Essentially starting from scratch, Haiti has a unique opportunity to build the kind of sustainable power generation, transmission and distribution system that could be replicated in other developing nations.
Although deep poverty remains a challenge, the country’s leaders say they are eager to move forward into the twenty first century with governmental and economic stability supported by reliable energy infrastructure.
Haiti is the first independent nation to be formed as the result of a successful slave revolution in 1804. Haiti remained socially and economically isolated for the next 100 years, which severely stunted its development. That is how Dr. Rene Jean-Jumeau, Haiti’s Secretary of State for Energy, set the stage for his lunch keynote address at the recent DNV Kema Utility of the Future Leadership Forum.
There is a wealth of data that show economic development is not possible without energy and the link between advanced nations and access to electricity is very clear. “Without electricity, water cannot be desalinized or circulated, refrigeration is not feasible, temperature-sensitive vaccines cannot be stored, controlled irrigation for agriculture is not practical, communication is limited, tourism is not attractive, and factories can’t operate competitively,” Dan Gregory, former chairman of Green Energy Corp. wrote in a white paper describing the Global Energy Model.
A Concept Hatched in NY Looks to go Global
The GEM institute grew organically from an initiative at the City University of New York designed to provide overseas students with the opportunity to attend a sustainable development program at the school. The idea blossomed into a full master’s program that counted two students from Haiti as some of its first graduates.
Program mentor Hillary Brown traveled to Haiti with Gregory in the wake of the January 2010 earthquake to inspect damaged buildings, when they got the idea to design a systematic approach to developing energy infrastructure, and GEM grew out of that concept.
GEM ‘s mission is to establish standards that deal with energy poverty in Haiti and beyond. The idea is to “energize developing nations with clean and renewable power,…it is a holistic and pragmatic model that captures the best ideas and documents the failures,” GEM says in its white paper.
Barely 30% of Haiti’s population has access to power and many hospitals, factories and city centers rely on diesel generators that require expensive imported fuel to run. Haiti pays an average of $0.35/kWh for electricity, which is high compared to the US average price of about $0.10/kWh.
“New Technologies, New Promises”
The country is faced with several monumental energy decisions – what is the best system? Should they choose a central hub approach like in many developed countries, or go with a system of microgrids? Do they choose fossil fuels, renewables or a hybrid model?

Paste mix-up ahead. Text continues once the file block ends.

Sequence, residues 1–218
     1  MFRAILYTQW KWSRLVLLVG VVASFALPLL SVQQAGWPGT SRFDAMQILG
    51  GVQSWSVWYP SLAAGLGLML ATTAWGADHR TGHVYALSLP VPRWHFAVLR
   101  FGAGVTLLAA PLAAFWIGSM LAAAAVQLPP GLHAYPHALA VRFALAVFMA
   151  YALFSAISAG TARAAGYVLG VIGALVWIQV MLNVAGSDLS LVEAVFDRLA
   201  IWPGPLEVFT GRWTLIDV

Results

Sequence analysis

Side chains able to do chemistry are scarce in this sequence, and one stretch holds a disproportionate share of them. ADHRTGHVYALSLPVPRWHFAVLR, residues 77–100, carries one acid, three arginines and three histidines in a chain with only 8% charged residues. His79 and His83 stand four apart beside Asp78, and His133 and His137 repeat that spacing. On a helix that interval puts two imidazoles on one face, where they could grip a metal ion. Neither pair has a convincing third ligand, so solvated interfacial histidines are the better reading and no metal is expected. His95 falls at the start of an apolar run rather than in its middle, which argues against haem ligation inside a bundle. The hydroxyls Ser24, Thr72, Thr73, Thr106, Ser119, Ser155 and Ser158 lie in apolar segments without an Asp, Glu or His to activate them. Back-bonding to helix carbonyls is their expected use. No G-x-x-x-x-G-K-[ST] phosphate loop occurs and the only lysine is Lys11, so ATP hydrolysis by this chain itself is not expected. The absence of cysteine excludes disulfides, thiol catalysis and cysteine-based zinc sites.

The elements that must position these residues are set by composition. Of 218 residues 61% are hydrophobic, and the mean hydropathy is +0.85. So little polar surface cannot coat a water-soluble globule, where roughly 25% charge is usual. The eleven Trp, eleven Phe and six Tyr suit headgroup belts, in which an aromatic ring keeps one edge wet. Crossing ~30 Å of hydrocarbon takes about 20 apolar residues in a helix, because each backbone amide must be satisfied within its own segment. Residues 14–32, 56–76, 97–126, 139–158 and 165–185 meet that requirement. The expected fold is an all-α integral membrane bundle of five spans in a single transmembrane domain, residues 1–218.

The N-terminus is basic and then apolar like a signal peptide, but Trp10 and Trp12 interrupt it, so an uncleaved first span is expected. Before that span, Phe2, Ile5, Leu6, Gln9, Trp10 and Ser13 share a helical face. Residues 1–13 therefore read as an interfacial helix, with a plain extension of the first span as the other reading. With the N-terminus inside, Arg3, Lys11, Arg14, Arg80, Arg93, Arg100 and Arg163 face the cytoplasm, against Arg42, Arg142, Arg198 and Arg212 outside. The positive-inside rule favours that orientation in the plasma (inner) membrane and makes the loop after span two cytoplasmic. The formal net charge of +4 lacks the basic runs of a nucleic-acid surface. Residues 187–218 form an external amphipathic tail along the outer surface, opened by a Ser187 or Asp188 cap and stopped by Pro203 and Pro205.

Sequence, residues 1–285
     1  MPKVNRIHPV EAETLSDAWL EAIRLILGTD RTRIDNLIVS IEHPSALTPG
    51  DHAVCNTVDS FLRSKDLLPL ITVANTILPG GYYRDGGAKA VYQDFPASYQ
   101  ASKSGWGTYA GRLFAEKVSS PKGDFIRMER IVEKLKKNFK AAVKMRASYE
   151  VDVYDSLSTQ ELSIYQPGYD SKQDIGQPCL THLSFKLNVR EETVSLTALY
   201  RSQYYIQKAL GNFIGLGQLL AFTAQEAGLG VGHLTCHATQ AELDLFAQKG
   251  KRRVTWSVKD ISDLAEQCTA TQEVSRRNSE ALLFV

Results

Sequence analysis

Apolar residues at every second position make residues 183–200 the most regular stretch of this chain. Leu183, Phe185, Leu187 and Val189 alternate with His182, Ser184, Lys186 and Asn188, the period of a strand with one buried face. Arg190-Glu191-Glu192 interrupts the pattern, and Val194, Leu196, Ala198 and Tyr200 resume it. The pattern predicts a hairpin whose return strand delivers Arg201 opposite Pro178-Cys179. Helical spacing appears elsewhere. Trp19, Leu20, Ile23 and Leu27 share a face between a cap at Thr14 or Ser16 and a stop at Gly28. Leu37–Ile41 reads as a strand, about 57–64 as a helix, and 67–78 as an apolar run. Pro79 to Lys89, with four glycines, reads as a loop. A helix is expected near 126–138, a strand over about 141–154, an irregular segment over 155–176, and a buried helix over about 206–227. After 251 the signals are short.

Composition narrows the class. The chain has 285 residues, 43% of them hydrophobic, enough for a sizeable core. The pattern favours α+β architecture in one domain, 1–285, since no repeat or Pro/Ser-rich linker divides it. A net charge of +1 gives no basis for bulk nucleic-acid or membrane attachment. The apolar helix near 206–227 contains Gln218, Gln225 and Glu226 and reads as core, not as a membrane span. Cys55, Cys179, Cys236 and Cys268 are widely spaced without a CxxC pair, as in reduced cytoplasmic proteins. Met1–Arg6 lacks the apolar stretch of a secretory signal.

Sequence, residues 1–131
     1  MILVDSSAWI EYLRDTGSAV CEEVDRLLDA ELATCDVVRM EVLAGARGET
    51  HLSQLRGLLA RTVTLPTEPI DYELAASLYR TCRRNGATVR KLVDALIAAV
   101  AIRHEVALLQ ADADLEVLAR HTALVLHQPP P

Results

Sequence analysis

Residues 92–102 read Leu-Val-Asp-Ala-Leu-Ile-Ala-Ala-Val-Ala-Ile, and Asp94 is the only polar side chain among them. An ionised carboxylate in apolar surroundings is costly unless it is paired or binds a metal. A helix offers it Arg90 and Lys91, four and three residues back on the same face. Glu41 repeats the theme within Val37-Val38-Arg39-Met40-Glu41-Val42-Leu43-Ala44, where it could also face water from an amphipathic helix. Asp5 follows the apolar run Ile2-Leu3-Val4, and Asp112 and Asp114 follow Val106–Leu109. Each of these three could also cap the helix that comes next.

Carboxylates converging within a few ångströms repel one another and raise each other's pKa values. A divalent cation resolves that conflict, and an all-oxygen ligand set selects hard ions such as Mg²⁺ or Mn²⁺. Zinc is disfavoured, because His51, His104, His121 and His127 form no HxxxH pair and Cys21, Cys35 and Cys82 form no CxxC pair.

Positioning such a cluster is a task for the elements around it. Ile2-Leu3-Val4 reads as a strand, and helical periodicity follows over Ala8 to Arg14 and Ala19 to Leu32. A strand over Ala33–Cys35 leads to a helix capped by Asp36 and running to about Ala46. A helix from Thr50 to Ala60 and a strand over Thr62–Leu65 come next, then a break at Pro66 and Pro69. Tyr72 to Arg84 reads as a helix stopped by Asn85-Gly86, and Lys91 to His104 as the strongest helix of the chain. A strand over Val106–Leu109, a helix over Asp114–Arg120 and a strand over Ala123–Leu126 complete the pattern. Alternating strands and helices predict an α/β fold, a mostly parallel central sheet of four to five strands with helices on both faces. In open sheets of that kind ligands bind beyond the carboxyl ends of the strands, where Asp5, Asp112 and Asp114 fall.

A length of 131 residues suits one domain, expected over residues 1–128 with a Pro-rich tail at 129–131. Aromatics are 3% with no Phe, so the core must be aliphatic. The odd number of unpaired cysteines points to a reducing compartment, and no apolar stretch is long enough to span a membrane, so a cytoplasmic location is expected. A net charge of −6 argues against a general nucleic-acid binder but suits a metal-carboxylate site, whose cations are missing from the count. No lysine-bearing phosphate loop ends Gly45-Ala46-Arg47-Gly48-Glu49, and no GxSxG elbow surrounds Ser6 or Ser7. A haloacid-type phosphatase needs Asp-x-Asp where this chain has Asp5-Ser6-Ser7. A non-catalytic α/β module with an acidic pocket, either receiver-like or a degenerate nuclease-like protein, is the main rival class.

Dr. Jean-Jumeau is working through these questions – with GEM’s assistance – in a quest to find sustainable ways to develop all Haiti’s economic sectors so they receive the maximum benefits that each energy technology has to offer. “New technologies, new promises,” was one of his closing lunch keynote remarks.
Read more from the KEMA event in Washington, DC here.
Haiti has limited domestic fossil fuel resources and building new power plants dependent on fossil fuels is risky because the country does not have sufficient credit to secure competitive long-term fuel supply contracts. Deforestation has become an issue because wood and charcoal are currently some of the country’s main sources of fuel.
The GEM concept has been drafted, recently underwent a second revision and is now actively planning for the Haiti pilot project, which envisions a phased approach to attaining 24/7 power for the nation’s residents, businesses and government, Daniel Lemons, GEM CEO recently told Breaking Energy.
Learning From Past Mistakes
The phased approach is expected to take five to ten years and its implementation will involve venture philanthropy. “We will not do anything that does not have a sustainable economic model behind it,” said Lemons. “Haiti is littered with failed projects like unused dams or wind farms,” he said, explaining that energy projects constructed without considering long-term maintenance costs and the need for trained technicians to keep the infrastructure running, are of little use.
Education is also a major part of GEM’s initiative and the lead phase of all project implementation will be education that will address the “brain drain” issue. Eighty five percent of college graduates in Haiti leave the country, he said. Part of the goal is to develop the indigenous engineering and project management expertise needed to operate and maintain the country’s energy infrastructure over the long term.
GEM is not Haiti’s only power infrastructure development initiative, and a new industrial park is being built in the northern part of the country with the help of USAID, the International Development Bank and a South Korean textiles group. The park is currently being powered by diesel or heavy fuel oil. Running at about 5 MW now, the park and surrounding area will require 25 to 35 MW at peak demand.
Coal is quick and cheap up front, but sustainability is a concern,” Lemons said.
Solar is a challenge because of the significant land area required for larger installations – “You don’t want to take away farmland,” he said. Perhaps a mixed use scenario would be a good approach said Lemons, and mentioned a solar panel installation at the Mirebalais National Teaching Hospital as an example.
There are many stakeholders currently operating in Haiti, with some bypassing the government to move ahead with projects unilaterally. “It can be disorganized or at least not coordinated,” but Dr. Jean-Jumeau is working hard to unify this and GEM provides a framework that these kinds of energy projects can fit within, said Lemons.